Flash chromatography cartridges

Cartridges are cylindrical pipe-like devices that are used to introduce the sample onto the columns These cartridges are mainly used for low-solubility samples in automated flash chromatography.

There are mainly two types of cartridges commercially available in the market.

  • Empty solid-load cartridges
  • Pre-packed solid load cartridges
Flash column chromatography cartridges

Empty solid load cartridge

These cartridges can be used with various adsorbent materials, but generally, silica gel is used.

  • First, the sample to be purified is dissolved in a suitable solvent and powder silica gel is mixed with it. Then, with the help of a rotatory evaporator solvent is removed leaving behind the sample coated with the silica gel.
  • After then, the sample coated with silica gel is poured into an empty cartridge and loaded into the system.

Not only silica gel, other various materials such as Celite, diatomaceous earth, boiling chip, etc can be used as an adsorbent in cartridges. These cartridges are connected directly to the column which removes the chances of contamination.

Pre-packed solid-load cartridges

These are ready-made cartridges available in the market and people prefer these cartridges over empty cartridges because the packing process as described above of cartridges seems tedious. Using these pre-packed solid cartridges, samples can be loaded very fast.

  • First, the sample is dissolved in suitable solvents and then the dissolved sample is applied to the pre-packed cartridges.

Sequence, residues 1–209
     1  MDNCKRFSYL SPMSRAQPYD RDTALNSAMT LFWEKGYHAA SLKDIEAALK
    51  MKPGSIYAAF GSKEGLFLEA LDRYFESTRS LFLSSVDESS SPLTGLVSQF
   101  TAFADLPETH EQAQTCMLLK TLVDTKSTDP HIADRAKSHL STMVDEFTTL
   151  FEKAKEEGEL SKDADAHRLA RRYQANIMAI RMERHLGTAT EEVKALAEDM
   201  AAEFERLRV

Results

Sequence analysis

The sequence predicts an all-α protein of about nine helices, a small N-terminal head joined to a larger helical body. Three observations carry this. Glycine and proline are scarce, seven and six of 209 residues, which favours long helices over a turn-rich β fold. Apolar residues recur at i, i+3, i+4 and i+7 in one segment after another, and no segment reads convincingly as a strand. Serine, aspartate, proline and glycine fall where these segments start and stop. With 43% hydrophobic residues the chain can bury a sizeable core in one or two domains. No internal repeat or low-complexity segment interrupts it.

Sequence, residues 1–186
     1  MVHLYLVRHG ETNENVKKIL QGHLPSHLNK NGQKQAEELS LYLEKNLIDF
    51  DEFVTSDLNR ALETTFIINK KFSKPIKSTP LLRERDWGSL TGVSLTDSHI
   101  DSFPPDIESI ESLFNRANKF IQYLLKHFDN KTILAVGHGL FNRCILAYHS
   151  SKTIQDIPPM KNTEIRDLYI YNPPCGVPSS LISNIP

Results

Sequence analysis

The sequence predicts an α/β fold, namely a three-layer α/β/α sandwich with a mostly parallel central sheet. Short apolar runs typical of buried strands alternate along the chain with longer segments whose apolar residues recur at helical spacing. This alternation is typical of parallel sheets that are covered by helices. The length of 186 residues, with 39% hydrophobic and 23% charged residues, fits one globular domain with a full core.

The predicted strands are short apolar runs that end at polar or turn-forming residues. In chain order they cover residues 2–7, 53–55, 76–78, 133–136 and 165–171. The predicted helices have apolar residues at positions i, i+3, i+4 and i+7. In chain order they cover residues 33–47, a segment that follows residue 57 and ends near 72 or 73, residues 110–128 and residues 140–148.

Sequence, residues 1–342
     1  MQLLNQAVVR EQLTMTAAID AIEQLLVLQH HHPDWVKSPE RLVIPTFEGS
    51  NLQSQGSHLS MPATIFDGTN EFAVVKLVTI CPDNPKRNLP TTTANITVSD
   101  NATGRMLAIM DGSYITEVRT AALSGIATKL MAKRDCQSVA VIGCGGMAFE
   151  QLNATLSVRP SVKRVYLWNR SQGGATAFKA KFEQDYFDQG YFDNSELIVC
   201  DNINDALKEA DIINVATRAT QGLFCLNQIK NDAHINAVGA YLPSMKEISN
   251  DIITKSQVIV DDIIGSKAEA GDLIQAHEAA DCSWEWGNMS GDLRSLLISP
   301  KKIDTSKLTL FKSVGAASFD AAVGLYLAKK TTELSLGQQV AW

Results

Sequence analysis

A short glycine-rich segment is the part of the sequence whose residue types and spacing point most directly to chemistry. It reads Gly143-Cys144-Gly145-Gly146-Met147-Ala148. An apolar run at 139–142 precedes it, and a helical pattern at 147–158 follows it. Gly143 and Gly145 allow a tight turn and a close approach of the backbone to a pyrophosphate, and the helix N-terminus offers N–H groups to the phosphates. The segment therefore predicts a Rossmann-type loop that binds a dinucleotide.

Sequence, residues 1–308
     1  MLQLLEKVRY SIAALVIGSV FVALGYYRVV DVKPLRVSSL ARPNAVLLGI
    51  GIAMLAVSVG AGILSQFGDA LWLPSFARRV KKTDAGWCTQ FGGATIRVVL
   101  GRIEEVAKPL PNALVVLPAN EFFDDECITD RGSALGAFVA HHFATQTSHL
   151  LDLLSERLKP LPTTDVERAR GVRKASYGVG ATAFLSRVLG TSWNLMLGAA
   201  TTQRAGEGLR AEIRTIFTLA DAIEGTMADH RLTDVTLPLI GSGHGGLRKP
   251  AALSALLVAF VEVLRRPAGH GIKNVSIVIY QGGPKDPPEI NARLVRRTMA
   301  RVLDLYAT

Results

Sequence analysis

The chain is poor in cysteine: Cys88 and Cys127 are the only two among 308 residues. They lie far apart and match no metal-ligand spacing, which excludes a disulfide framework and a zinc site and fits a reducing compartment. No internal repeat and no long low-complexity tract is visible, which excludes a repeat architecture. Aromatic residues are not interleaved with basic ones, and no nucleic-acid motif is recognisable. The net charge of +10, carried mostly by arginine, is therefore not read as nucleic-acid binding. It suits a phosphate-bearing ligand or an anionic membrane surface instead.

• When the adsorbent absorbs the dissolved sample completely, the wet cartridge is completely dried with a high vacuum pump before being put into the system.

Detection techniques in Flash chromatography

Before the introduction of automation, chemists used to collect all the fractions, and these fractions are then tested by using TLC plates. But after automation in flash chromatography, various detectors are set up in the instruments to detect the separated compounds.

  • UV-vis detector
  • Refractive index detector
  • Fluorescence detector
  • Evaporative light scattering detector(ELSD)

Most of the compounds are UV active, so a UV detector is the most commonly used detector in Flash Chromatography.

Flash column chromatography procedure

After the selection of a suitable stationary phase and mobile phase by analytical trials using TLC, the Chemist loads the sample onto the columns. The sample loading step is a very challenging step as the state of the sample determines the way of loading.

There are different ways of sample-loading techniques for both manual and automated chromatography equipment.

Sample loading technique for manual flash chromatography